Just as it is obviously dangerous to allow people beyond the reach of democratic institutions to determine national security needs and the measures taken to address them, it should be obviously reckless to turn “law and order” into an idol that justifies defiance of the law and an anarchic disregard for lines of authority. That way lies Governments of National Salvation and all sorts of despotism in the name of Higher Purposes. It’s bad enough that there are so many Americans who presume their Second Amendment rights include a right of revolution if the government’s policies don’t suit them. It’s worse when you have to wonder if some of the Forces of Order are going to join them.

 

By: Ed Kilgore, Contributing Writer, Political Animal, The Washington Monthly, December 23, 2014

December 23, 2014 - Posted by | Law Enforcement, NYPD, Police Brutality | , , , , , , , ,

4 Comments »

  1. I also have a problem regarding Snowden as a hero.

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    Comment by renxkyoko | December 23, 2014 | Reply

    • And so do I…

      Like

      Comment by raemd95 | December 23, 2014 | Reply

      • here’s the thing….it seems almost all the folks on the Left, the Liberals ( and I consider myself a Liberal sort of ) consider him a hero…. but I find him such a dodgy person, and so full of himself, even saying that he can listen in on everyone , including the President of the United States,, blah, blah, blah…… a guy who had been hired as a contrator less than a month, and turned himself into a one-man judge and jury , and proceeded to downoad millions of documents ,,,,, and even broadcasting HOW the US listens in on the terrorists’s cell phones. The NSA failed to check on those people like the Boston bombers, who went on how to make bombs websites . The NSA is not that competent.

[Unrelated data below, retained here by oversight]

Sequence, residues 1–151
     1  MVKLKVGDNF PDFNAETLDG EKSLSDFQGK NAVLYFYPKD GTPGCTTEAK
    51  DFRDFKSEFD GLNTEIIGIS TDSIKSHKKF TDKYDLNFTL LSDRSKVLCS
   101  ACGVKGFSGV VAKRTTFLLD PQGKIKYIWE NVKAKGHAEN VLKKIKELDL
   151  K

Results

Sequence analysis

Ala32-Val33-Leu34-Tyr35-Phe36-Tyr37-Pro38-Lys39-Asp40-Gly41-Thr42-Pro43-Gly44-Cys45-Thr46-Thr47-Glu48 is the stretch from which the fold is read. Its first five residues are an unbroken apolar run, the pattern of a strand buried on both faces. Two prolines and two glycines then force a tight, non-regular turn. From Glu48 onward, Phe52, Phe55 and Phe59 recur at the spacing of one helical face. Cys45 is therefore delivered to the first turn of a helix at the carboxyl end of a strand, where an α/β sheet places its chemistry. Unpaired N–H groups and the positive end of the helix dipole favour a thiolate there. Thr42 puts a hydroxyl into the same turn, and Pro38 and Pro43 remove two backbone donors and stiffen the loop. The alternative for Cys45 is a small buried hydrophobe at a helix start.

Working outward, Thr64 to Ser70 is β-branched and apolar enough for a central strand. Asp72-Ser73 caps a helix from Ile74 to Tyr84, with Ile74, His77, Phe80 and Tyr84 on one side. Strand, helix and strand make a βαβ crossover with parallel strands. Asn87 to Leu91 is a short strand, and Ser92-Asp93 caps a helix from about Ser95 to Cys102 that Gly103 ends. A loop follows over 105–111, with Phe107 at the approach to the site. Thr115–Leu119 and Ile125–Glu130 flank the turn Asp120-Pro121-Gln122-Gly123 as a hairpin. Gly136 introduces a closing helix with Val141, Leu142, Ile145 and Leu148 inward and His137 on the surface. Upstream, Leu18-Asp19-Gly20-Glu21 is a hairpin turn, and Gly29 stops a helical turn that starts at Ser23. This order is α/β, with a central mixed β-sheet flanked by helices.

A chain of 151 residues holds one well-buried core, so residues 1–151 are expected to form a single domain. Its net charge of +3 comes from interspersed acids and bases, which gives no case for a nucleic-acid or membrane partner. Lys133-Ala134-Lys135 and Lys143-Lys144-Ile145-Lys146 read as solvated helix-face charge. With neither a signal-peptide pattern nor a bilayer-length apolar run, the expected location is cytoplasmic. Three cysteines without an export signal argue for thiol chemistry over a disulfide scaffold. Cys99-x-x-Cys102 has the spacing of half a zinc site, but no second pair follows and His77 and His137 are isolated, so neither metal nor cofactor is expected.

Like

        Comment by renxkyoko | December 23, 2014

      • You hit the nail on the head, a “one-man judge and jury”. Many see Snowden as a hero. As a former military officer with a top secret clearance, I strongly oppose that label for him. There were several avenues within the system for him to express his concerns, without reprisal, none of which he chose. Instead he trots off and holds up in Russia, in effect, placing himself above the law. He in no way, in my mind, is a hero. I have a brother who is a retired police officer. There are many, many good cops across this country. Weeding out those bad cops is going to have to come from within. If they truly believe that they are there to “protect and serve”, they must carry out that responsibility with honor and respect for those they serve. If not, they, like anyone of us, must be held accountable. Equal justice under the law should not be selective.

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        Comment by raemd95 | December 23, 2014